Individual Author Record
Name: Jean Marie AuelPen Name: None Genre: Audience: Children; Children; Born: February 18, 1936 in Chicago, Illinois
-- Jean Marie Auel on WorldCat -- http://www.worldcat.org/search?q=jean+marie+auel
Illinois ConnectionAuel was born in Chicago, Illinois.
Biographical and Professional InformationN/A
- The Clan of the Cave Bear, Crown, 1980
- The Mammoth Hunters, Crown, 1985
- The Plains of Passage, Crown, 1990
- The Shelters of Stone, Crown, 2002
- The Valley of Horses, Crown, 1982
Titles At Your Library
The Clan of the Cave Bear
ISBN: 0517542021 Crown. 1980 An all-absorbing journey into man's possible past. Jean M. Auel, a storytelling genius, weaves a compellingly readable saga of human survival an epic that transcends time and place. It is peopled with rich and complex characters who experience the full range of human emotions. All this makes for total involvement and believability in the light of today. A novel for all time.
The Valley of Horses (Earth's Children)
ISBN: 051754489X Crown. 1982 The Valley of Horses is the second in the great Earth's Children series. In The Valley of Horses, Jean Auel uses her thorough understanding of human nature and her powerful gift of storytelling to continue the saga of Ayla and to once again, with exquisite and accurate detail, re-create the world as it truly might have been.
The Mammoth Hunters-Earth's Children
ISBN: 0517556278 Crown. 1985 In this third and long-awaited novel in the acclaimed Earth's Children "TM" series, Ayla, the independent heroine of The Clan of the Cave Bear and The Valley of Horses, sets out from the valley on Whinney, the horse she tamed. With her is Jondalar, the tall, handsome, yellow-haired man she nursed back to health and came to love. Together they meet the Mamutoi -- the Mammoth Hunters -- people like Ayla. But to Ayla, who was raised by the Clan of the Cave Bear, they are "the Others." She approaches them with mixed feelings of fear and curiosity.
Talut, a powerful bear of a man with bright red hair, a booming laugh, and a gentle heart, and his tall, dark-haired sister, Tulie, are the leaders of the Lion Camp of the Mamutoi. It is here that Ayla finds her first women friends, but some among the Mamutoi dislike Ayla because she was raised by "flatheads," their name for the people of the Clan. Ayla is haunted by her memories of the Clan because Rydag, a child of mixed parentage living with the Mamutoi, bears so strong a resemblance to her own son, Durc.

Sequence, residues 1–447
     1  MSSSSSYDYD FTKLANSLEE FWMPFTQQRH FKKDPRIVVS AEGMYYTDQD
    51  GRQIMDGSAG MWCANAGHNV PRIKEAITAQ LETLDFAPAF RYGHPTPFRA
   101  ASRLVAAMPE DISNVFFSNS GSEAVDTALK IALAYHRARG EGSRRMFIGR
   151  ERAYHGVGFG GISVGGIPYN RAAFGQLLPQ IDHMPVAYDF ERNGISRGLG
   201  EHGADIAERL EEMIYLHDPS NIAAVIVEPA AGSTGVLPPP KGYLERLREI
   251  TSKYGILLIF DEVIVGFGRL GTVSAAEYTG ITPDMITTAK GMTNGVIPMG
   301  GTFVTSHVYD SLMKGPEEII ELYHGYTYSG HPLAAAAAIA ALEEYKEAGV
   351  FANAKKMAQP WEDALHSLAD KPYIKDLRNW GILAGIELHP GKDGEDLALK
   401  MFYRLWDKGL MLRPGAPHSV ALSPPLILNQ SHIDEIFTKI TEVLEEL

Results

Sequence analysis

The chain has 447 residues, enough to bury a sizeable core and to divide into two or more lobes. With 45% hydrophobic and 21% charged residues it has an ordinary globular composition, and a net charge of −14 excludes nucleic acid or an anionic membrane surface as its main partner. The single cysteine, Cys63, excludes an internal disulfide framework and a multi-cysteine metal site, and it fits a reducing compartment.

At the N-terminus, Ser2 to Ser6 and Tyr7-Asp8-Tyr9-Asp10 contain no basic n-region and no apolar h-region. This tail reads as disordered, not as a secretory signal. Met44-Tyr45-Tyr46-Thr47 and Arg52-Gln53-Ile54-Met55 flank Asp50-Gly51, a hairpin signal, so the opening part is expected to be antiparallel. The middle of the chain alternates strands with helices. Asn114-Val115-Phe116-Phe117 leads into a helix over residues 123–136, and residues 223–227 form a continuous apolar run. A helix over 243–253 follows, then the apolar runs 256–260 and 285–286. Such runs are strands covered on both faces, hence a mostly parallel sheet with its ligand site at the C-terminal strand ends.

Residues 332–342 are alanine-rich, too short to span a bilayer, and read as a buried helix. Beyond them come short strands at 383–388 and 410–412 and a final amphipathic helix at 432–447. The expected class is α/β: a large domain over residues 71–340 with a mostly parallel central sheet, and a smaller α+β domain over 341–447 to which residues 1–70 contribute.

It is the Mamutoi master carver of ivory dark-skinned Ranec, flirtatious, artistic, magnetic -- who fascinates Ayla. She finds herself drawn to him. Because of her uncanny control over animals, her healing skills, and the magic firestone she discovered, Ayla is adopted into the Mammoth Hearth by Mamut, the ancient shaman of the Great Earth Mother.
Ayla finds herself torn between her strong feelings for Ranec and her powerful love for the wildly jealous and unsure Jondalar. It is not until after the great mammoth hunt, when Ayla's life is threatened, that a fateful decision is made.
Set in the challenging terrain of Ice Age Europe that millions of Jean M. Auel readers have come to treasure, The Mammoth Hunters is an epic novel of love, knowledge, jealousy, and hard choices -- a novel certain to garner Jean M. Auel even greater acclaim as a master storyteller of the dawn of humanity.
Plains of Passage
ISBN: 0517580497 Crown. 1990 The best-selling author of the Earth's Children series continues the epic story of Ayla, the mythical heroine of Ice Age Europe. The Plains of Passage takes Ayla and the brave Jondolar on a dangerous cross-continental odyssey in search of that place they call home.
The Shelters of Stone (Earth's Children, Book 5)
ISBN: 0609610597 Crown. 2002 The Shelters of Stone opens as Ayla and Jondalar, along with their animal friends, Wolf, Whinney, and Racer, complete their epic journey across Europe and are greeted by Jondalar’s people: the Zelandonii. The people of the Ninth Cave of the Zelandonii fascinate Ayla. Their clothes, customs, artifacts, even their homes—formed in great cliffs of vertical limestone—are a source of wonder to her. And in the woman Zelandoni, the spiritual leader of the Ninth Cave
(and the one who initiated Jondalar into the Gift of Pleasure), she meets a fellow healer with whom to share her knowledge and skills.
But as Ayla and Jondalar prepare for the formal mating at the Summer Meeting, there are difficulties. Not all the Zelandonii are welcoming. Some fear Ayla’s unfamiliar ways and abhor her relationship with those they call flatheads and she calls Clan. Some even oppose her mating with Jondalar, and make their displeasure known. Ayla has to call on all her skills, intelligence, knowledge, and instincts to find her way in this complicated society, to prepare for the birth of her child, and to decide whether she will accept new challenges and play a significant role in the destiny of the Zelandonii.
Jean Auel is at her very best in this superbly textured creation of a prehistoric society. The Shelters of Stone is a sweeping story of love and danger, with all the wonderful detail—based on meticulous research— that makes her novels unique. It is a triumphant continuation of the Earth’s Children® saga that began with The Clan of the Cave Bear. And it includes an amazing rhythmic poem that describes the birth of Earth’s Children and plays its own role in the narrative of The Shelters of Stone.